AN £8million scheme to restore a historic swing bridge to help meet rail service demands has been completed after more than a year’s work.

Network Rail has been strengthening the iconic Hawarden bridge across the River Dee with new steel plates and has given it a new coat of paint to protect it from corrosion and improve the structure’s appearance.

The 165-metre bridge, which was the longest of its kind in the UK when it was opened in 1889, originally cost £71,000 and was the culmination of nearly 30 years of proposals, planning and construction work.

The first cylinder was laid by former four-times Prime Minister William Gladstone who lived at Hawarden Castle before his death in 1894.

Network Rail, with the help of AMCO Engineering, has restored the Grade II listed structure to its former glory, using more than 7,000 litres of paint, 12,000 bolts, 130 tonnes of additional steel and more than 85,000 man hours in its completion.

Project manager John Harrington said: “Things have gone very well.

“It was a big challenge but we have regenerated what is a great asset for the area.”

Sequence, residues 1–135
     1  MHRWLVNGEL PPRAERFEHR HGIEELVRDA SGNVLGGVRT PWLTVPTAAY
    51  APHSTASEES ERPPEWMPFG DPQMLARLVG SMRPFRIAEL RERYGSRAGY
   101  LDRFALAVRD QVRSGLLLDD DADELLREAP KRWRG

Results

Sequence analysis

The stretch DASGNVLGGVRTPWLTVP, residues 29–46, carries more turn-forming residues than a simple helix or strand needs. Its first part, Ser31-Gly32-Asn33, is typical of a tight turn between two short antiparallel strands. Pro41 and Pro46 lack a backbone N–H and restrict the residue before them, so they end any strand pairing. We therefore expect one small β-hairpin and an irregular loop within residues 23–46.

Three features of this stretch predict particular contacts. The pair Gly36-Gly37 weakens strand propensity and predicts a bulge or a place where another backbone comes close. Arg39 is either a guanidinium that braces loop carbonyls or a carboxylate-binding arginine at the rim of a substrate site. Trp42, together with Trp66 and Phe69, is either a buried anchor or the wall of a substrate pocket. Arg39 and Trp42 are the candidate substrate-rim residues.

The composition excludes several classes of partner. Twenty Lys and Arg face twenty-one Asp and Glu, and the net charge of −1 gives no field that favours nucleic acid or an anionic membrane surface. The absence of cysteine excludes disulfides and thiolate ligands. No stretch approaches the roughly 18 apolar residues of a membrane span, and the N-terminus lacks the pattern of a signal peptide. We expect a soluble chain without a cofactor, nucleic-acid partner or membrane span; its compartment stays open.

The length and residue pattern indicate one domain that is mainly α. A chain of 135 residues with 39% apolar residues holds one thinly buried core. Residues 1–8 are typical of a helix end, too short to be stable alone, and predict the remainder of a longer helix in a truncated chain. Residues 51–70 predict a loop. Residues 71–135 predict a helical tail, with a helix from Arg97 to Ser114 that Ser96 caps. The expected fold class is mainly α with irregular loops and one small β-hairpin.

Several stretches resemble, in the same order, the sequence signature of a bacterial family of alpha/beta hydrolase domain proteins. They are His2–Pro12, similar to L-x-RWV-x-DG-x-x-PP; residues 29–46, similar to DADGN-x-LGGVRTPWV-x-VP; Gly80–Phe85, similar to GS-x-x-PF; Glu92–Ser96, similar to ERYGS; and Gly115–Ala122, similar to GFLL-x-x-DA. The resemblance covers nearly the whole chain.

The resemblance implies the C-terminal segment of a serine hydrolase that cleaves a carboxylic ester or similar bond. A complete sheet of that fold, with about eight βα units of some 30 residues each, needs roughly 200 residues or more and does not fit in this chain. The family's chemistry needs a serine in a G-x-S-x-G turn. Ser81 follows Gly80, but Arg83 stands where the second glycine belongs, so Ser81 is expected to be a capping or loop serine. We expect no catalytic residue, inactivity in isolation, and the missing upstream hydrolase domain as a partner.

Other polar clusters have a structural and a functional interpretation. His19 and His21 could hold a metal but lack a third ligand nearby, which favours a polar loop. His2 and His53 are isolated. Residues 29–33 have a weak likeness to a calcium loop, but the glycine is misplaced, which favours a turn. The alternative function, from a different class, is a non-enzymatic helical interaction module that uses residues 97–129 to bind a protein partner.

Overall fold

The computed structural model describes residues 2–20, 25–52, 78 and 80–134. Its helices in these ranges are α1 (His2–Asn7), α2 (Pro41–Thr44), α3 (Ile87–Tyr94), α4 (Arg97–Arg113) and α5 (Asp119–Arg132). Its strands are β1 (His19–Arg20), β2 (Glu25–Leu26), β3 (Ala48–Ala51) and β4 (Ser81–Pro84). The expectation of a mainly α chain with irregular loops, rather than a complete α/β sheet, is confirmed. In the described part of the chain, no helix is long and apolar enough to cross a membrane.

Workers had to contend with trains using the bridge to keep the rail service alive throughout the project, while barges carrying Airbus 380 wings continued to pass under the bridge three times a week.

During the work the four metallic spans of the bridge were grit blasted to remove old layers of paint and then repainted. The work was carried out in 30-metre sections and the structure was enclosed to protect the environment from dust and debris caused by the work.

While the swinging part of the bridge itself has not operated since 1960 due to a decline in shipping, the railway it supports continues to form one of the main commuter routes in the area.

The bridge has long-provided an important link between Deeside and the original John Summers and Sons steelworks.

This link now also provides access to the cycleway along the Dee embankment to Chester and to the Burton Point cycleway, improving access to the Wirral coastline.

While previously restricted to just one freight train at a time and speed restrictions of 20mph due to the weakened condition of the structure, the bridge will now be able to support two freight trains simultaneously at speeds of 25 mph.

Jonathan Pegg, route asset management director for Network Rail Wales, said: “Thousands of passengers use Hawarden railway bridge on the Borderlands line to cross the River Dee every day.

“This iconic structure has been in use for more than 100 years and our work to strengthen the bridge will ensure we can use it for many more years to come.”

The scheme’s stakeholders included CADW, TATA Steel and Flintshire Council, and Jerry Spencer, conservation and design officer with Flintshire  Council, heralded the completion of the project as “a shining example and a listed building to be proud of and an iconic flagship to launch the redevelopment of the area”.